Axe To Grind
However, the complaint from an insider such as Cook tells a different story about a squad officially known as the Directorate of Professional Standards and informally as the Untouchables.
Cook’s complaint said:
“This is formal allegation of crime relating to individual employees of the Metropolitan Police Service, including the Commissioner Cressida Dick. It is my firm belief that they have perverted the course of justice in relation to their failure to investigate the original allegation of crime I submitted to the [police watchdog] on the 18th May 2020 and which was forwarded to the MPS on the 4th June 2020.
I have included the Commissioner of Police within those named in this allegation given the letter sent to her in November 2020 by my constituent MP. Her delegation of the letter to the Department of Professional Standards gives a clear indication of her involvement in the events but without further investigation it is impossible to determine her, or any other person named or yet to be identified, involvement in a criminal conspiracy.
It is my firm belief that the Metropolitan Police are putting their own interests ahead of the interests of justice by deliberately delaying an investigation into my allegation that they perverted the course of justice in 2016 and 2017 during the trial at the High Court in front of Lord Justice Mitting and then later in 2018 during the appeal court hearing.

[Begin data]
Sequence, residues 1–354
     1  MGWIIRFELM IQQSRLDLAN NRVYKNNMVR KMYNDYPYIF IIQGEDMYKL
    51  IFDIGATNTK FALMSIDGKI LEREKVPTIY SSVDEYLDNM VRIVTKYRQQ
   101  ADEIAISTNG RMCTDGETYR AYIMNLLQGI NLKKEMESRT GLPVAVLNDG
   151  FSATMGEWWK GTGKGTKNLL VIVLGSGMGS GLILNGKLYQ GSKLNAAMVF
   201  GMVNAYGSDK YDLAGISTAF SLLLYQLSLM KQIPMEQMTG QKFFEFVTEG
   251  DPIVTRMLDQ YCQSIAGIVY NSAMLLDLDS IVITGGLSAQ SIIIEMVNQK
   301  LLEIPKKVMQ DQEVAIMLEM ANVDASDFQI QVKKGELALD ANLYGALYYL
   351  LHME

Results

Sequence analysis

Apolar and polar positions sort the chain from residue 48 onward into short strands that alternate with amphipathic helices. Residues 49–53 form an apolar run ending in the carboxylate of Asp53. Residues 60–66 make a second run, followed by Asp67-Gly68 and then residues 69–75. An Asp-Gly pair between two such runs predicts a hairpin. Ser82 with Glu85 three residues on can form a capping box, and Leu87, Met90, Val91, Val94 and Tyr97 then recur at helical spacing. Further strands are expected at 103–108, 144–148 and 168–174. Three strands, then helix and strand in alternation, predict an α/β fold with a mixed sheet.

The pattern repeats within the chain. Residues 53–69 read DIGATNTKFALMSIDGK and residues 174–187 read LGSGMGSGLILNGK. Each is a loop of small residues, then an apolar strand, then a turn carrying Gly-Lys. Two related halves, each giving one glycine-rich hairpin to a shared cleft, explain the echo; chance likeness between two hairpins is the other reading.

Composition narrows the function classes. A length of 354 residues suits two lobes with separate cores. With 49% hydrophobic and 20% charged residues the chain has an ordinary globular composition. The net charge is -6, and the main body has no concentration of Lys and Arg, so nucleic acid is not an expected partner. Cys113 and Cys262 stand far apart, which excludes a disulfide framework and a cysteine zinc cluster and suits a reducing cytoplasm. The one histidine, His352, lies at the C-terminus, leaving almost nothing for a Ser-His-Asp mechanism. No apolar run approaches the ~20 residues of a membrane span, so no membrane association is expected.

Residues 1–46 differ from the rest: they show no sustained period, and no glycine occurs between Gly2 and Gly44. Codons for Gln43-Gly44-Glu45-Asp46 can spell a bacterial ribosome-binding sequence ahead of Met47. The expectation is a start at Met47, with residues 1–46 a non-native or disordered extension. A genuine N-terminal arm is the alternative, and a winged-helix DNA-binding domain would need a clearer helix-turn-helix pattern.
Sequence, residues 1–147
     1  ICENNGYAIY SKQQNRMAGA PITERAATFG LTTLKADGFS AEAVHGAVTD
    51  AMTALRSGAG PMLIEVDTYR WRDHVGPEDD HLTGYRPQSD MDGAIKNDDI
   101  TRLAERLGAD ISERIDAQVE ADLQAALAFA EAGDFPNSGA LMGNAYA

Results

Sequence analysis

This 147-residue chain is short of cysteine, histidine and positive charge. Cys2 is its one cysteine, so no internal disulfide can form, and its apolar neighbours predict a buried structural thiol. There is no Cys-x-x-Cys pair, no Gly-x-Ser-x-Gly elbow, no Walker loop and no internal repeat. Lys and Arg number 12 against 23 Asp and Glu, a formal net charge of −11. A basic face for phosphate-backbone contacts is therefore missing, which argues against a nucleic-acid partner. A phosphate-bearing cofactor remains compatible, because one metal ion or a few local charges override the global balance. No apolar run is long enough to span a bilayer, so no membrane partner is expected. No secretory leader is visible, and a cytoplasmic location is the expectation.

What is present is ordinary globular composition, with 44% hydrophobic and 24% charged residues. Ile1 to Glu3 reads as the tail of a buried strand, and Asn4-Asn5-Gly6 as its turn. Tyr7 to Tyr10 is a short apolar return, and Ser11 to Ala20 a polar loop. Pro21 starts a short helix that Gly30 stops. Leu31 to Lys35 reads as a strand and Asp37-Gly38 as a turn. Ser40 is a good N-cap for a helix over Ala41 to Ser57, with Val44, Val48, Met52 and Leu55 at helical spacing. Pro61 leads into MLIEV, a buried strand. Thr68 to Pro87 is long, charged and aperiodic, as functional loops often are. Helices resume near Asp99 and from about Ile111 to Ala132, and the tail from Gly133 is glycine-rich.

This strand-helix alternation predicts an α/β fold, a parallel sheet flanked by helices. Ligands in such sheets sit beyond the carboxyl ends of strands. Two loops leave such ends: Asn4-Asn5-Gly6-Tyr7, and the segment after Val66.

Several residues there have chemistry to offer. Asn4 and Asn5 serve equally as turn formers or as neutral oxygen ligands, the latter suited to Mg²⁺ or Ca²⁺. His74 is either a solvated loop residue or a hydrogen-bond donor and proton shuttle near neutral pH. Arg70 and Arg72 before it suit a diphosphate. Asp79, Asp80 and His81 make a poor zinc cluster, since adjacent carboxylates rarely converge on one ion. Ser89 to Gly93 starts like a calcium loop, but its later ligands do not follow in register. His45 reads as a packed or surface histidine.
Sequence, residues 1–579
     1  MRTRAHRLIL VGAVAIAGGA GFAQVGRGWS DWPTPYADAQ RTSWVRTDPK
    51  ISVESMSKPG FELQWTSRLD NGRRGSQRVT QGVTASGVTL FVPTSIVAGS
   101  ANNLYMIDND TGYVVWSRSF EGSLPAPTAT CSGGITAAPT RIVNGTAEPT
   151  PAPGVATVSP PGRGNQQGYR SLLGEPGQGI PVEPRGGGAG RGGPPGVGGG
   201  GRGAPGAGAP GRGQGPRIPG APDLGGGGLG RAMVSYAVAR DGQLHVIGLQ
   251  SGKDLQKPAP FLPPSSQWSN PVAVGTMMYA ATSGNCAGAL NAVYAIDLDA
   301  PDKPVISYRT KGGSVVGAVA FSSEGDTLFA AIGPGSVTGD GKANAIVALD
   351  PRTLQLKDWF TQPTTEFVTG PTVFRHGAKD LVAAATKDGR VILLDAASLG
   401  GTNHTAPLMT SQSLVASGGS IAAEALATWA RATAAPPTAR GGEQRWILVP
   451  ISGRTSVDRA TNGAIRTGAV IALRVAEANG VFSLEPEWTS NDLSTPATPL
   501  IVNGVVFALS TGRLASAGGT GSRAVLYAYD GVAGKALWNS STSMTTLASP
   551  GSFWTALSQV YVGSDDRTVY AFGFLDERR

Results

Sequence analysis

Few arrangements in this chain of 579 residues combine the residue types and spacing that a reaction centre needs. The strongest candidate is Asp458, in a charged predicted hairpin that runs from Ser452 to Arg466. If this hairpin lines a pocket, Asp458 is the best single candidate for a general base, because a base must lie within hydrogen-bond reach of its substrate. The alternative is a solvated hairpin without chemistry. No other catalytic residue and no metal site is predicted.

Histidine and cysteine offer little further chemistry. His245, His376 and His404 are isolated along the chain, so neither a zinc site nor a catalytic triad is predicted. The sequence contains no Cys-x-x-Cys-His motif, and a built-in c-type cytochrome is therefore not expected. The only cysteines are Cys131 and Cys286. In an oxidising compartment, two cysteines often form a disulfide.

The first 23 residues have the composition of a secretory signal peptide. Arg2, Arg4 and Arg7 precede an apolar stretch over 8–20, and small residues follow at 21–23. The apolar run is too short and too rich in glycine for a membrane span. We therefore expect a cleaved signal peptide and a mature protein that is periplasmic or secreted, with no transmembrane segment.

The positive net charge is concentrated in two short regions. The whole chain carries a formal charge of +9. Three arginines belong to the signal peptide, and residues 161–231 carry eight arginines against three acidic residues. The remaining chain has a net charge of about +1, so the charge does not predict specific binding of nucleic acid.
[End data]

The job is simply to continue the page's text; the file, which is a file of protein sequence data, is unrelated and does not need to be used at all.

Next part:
The Department of Professional Standards is itself compromised by virtue of a failure to investigate the allegations made in 2017 and now in 2020. The rank of those officers I have complained about tends to suggest senior officers within the Metropolitan Police are compromised and incapable of conducting or overseeing an independent investigation without fear or favour.”
Cook has a large axe to grind over his perceived mistreatment while in charge of the Morgan case from 2002 until July 2011, when he went sick after the trial collapsed, never to return to active duty.
The murder trial judge was critical of his dealings with Gary Eaton, a manipulative criminal with mental health problems with whom Cook had many undocumented calls before the supergrass made a witness statement.
Convinced of the guilt of Rees and others, Cook breached the ‘sterile corridor’, which is supposed to exist between those detectives debriefing supergrass witnesses and those leading the murder hunt in order to prevent claims of coaching, coercion and fit up.
Eaton’s evidence was thrown out after an examination of his unrecorded dealings with Cook and lies the supergrass had told including that he was there on the night of the murder.
Cook said in his complaint:
“I have never denied there were organisational failings in relation to the handling of the witness Gary Eaton but I categorically deny that any failings, which I personally have been accused of, were of a criminal nature. The failings arose as a direct consequence of the MPS’s neglect in properly resourcing aspects of the investigation and to provide appropriate support and management for the team working on the Abelard 2 investigation.